In addition, mortgage companies can fine-tune the criteria so they only receive leads that meet certain requirements, such as a minimum FICO score, loan amount, or loan type.
For example, a lender may be very aggressive when it comes to VA loans or rate and term refinances, and purchase trigger leads that meet those criteria.
Once a consumer matching those filters has their credit pulled, it triggers the lead and a prospective client’s information is sent to the competing bank or lender.
They are then charged for the lead. It could be $5 or it could be $150, depending on the quality of the lead, demand, and so on.
Why Are Trigger Leads Allowed?
- While it doesn’t seem right for the credit bureaus to sell your credit information
- There’s an argument that trigger leads encourage comparison shopping
- And that tends to result in the discovery of lower rates/fees in the process
- But there is proposed legislature to limit their use due to numerous complaints
While a trigger lead seems like an invasion of privacy, especially coming from the credit reporting bureaus, there’s some logic to it.
Government agencies including the Consumer Financial Protection Bureau (CFPB) actively encourage shopping around.
They have conducted studies and found that consumers who shop around, i.e. obtain multiple quotes, tend to save money.
Conversely, those who use the first lender they speak with may be charged a higher mortgage rate and/or higher closing costs.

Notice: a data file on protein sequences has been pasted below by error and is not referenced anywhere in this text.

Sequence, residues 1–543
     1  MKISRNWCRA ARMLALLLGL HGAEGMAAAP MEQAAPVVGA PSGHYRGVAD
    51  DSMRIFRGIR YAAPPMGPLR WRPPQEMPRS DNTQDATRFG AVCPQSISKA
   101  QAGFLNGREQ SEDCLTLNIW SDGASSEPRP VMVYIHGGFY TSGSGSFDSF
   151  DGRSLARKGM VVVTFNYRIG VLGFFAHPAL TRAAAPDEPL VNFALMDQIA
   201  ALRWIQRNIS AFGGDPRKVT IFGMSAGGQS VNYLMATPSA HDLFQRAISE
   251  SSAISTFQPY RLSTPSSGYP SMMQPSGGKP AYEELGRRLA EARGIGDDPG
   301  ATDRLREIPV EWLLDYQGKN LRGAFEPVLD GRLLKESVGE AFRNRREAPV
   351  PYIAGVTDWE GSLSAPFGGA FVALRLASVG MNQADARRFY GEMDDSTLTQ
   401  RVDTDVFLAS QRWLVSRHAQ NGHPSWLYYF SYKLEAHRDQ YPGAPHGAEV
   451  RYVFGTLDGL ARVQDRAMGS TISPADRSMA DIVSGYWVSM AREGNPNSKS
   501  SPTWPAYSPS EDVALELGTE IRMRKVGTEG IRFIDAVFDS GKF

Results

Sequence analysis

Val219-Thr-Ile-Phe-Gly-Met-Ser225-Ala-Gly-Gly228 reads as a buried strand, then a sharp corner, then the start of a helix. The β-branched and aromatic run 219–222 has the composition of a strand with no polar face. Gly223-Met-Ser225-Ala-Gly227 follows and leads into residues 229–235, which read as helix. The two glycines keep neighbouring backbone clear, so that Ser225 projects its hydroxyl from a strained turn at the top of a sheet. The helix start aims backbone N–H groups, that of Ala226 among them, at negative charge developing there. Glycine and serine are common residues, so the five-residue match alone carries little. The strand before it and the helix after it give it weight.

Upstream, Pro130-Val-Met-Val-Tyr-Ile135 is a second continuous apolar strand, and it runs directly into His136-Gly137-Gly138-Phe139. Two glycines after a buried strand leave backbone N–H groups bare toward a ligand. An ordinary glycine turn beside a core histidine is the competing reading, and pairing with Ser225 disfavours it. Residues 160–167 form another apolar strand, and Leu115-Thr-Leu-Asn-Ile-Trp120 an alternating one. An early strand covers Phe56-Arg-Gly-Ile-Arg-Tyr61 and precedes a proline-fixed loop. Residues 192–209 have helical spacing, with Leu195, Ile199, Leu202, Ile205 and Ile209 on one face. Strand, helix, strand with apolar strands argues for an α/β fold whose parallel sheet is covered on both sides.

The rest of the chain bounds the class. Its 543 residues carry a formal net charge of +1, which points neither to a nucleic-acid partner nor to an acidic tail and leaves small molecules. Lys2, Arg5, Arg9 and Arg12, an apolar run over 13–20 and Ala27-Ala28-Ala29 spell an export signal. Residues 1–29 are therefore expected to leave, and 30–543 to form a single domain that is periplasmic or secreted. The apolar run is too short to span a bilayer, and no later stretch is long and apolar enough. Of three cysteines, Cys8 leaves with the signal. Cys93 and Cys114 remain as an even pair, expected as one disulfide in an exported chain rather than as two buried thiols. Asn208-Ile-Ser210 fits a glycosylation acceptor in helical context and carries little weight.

So as a means to promote comparison shopping, trigger leads got the green light. And remember, the credit bureaus are for-profit companies.
In a sense, this allows you to let one lender pull your credit, then wait for the other offers to roll in.
Instead of having to make phone calls and do lots of research, you can let the other companies come to you.
Granted, it can get annoying quickly, especially if you have no intention of using a different company.
And if any of the other companies are aggressive, which they often are, you may feel overwhelmed.
This is one reason why both a Senate bill and house bill have been introduced to limit their use.
How to Opt Out of Trigger Leads
Fortunately, there are ways to avoid trigger leads. Because they’ve become so pervasive, some lenders now conduct “soft pulls” that don’t create an inquiry.
This allows your loan application to evade detection from other lenders early on, but eventually the lender will need to do a hard pull once you formally apply for a mortgage.
This can at least allow you to stay under the radar while you shop around or continue to look for a house.
You can also register your phone number on the FTC’s National Do Not Call Registry.
And use OptOutPrescreen.com, which is the official website to Opt-In or Opt-Out of firm offers of credit or insurance from the CRAs.
Granted, your mileage may vary here. I’ve opted out of many things in the past and still seem to get hit with all types of offers.
When I refinanced my mortgage a few years ago, I received countless mailers, phone calls, and emails from competing lenders I had never spoken with, or even knew existed.
Of course, it wasn’t really a big deal because I screen my phone calls, unsubscribe from unwanted emails, and simply tear up junk mail.
But perhaps you’ll be more successful by opting out well ahead of time, as it often takes weeks or months for pre-screened offers and trigger leads to effectively be prevented.
So similar to working on your credit scores before applying for a mortgage, you may want to opt out early as well.
Just remember that consumers who obtain more than one mortgage quote tend to save more money than those who don’t.